The Passing of Pax Americana

What if America is a great power in decline?

No empire lasts forever. 

That’s the thesis of The Rise and Fall of the Great Powers by Paul Kennedy. Kennedy, a historian, says that all empires have this in common: militaries that make them great and also lead to their downfall. Eventually, the resources needed to keep a military powerful become a drain on the nation, and it begins to decline. And because a strong military outlasts the “soft power” and influence of a nation, it may not even realize it’s declining until it’s too late. 

Because it’s a democratic nation that hasn’t invaded and held onto territory, we’re not used to thinking of the United States as an empire. But in terms of its outsized influence in the global economy and politics since the end of WWII, America is most definitely an empire like no other – a country that could project its power across the globe and wrapped global culture around itself like a coat. 

And yet it’s hard to imagine the modern world existing at all without America’s ingenuity, its passion for freedom, its culture and its influence in global affairs. The sea lanes, for example, that let goods and resources flow around the world freely are policed by America’s navy. Without the Pax Americana we’ve enjoyed for 70 years, you wouldn’t have bananas in your breakfast cereal and coffee in your cup. 

But what if America is a great power in decline? 

The challenge of change

History is a funny thing. You have to wonder if the Romans watching the Alaric sacking their city in 410 AD knew it was the beginning of the end. These things are always easier to see in hindsight. But if we look around critically today, would we see evidence of America’s decline? 

According to Kennedy, decline is always relative. One power falls and another rises – so for America to be in decline there would need to be another country rising.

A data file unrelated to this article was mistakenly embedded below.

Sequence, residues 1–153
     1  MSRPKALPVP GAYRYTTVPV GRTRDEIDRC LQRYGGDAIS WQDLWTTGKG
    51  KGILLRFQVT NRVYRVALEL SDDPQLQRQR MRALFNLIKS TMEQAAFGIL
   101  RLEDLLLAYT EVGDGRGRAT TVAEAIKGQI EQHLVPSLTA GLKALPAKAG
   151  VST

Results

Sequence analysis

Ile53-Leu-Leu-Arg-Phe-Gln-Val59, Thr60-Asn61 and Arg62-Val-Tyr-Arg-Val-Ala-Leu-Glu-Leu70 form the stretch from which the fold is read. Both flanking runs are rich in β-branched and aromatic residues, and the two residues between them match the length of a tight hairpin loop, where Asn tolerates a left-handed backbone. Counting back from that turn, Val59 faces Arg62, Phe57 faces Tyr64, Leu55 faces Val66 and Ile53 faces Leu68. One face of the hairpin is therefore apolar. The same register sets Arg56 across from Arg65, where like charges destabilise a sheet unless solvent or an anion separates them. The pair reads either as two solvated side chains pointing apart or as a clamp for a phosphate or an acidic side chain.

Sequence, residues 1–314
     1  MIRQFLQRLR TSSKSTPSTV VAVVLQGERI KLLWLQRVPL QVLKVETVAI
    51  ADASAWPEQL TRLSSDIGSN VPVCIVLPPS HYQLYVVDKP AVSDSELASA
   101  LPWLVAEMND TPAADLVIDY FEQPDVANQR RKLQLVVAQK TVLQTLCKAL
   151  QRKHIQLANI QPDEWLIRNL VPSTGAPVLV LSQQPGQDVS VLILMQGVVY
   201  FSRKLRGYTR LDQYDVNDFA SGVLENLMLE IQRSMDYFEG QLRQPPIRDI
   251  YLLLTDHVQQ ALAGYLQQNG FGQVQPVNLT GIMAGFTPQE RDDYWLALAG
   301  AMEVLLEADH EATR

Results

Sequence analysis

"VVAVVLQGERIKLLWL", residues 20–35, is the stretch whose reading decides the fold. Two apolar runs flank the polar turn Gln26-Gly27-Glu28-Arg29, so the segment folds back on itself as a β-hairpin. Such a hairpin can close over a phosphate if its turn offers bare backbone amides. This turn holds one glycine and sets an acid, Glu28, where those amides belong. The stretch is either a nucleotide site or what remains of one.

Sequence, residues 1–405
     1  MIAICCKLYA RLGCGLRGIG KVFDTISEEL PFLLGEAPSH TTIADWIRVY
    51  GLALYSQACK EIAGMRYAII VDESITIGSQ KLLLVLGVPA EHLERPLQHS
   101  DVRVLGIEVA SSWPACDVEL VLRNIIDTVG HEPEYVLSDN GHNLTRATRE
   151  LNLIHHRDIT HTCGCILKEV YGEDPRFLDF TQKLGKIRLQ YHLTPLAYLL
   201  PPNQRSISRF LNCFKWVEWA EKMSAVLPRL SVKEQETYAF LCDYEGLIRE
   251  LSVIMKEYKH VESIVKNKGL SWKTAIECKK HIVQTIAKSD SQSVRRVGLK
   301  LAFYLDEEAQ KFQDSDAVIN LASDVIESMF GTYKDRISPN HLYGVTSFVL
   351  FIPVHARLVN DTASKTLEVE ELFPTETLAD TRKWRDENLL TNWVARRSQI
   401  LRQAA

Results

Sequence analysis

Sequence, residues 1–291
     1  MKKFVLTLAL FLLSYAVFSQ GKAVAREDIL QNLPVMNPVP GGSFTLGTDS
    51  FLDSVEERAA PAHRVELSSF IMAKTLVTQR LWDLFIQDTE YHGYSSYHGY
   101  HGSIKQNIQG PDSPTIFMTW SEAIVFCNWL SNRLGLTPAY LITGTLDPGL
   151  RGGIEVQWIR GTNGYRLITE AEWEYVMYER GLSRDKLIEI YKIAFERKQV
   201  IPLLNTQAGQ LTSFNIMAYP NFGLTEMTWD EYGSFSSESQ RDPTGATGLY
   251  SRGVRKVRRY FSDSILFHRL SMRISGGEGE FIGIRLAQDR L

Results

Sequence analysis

I’ve often thought that when Bill Clinton brought China into the World Trade Organization in the 90s, that was the beginning of the end. After that, American manufacturing left for China and never came back. Add to that the Bush administration’s misguided war on Iraq that squandered global sympathy after 9/11, and the Trump Administration’s systematic alienation of traditional allies, tragic mismanagement of the COVID epidemic, exploding racial tension, collapsing economy and rampant corruption, and the last 30 years begin to fit the classic Kennedy thesis of decline. 

And while America can still lob cruise missiles wherever it wants, its ability to rally the world around itself – the soft power of diplomacy and influence – is fading fast. To be blunt: the world isn’t going to be lectured on ethics by Donald Trump. He is literally a laughingstock. 

It may seem like the U.S. is finally getting what it deserves. 

But hold on a sec. Are we really ready for a world without American influence? Where oligarchs in Russia and elsewhere can ignore international law? Where China can continue to bake the globe like a briquette with their coal-belching plants and where it can siphon the resources out of Africa without a thought to the environment? And what about human rights? Do we think other countries will respect human rights – and fight for them – like America? 

Dr. Martin Luther King once wrote that, “One of the great liabilities of history is that all too many people fail to remain awake through great periods of social change. Every society has its protectors of status quo and its fraternities of the indifferent who are notorious for sleeping through revolutions. Today, our very survival depends on our ability to stay awake, to adjust to new ideas, to remain vigilant and to face the challenge of change.” 

I think about this a lot these days. I think there’s little doubt we are experiencing the end of the American Empire. For all its faults, without the United States to champion liberal democracy, the world my children will grow up in will not only be different from this one, but potentially a lot more dangerous. 

Today – like every moment of transition in history between great powers – we are in an uncertain, in-between time. By being alert to the currents around us we can still affect them. We are not helpless. 

But only if we stay awake.


  • Lloyd Rang

    Lloyd Rang works in communications and is a member of Rehoboth CRC in Bowmanville.

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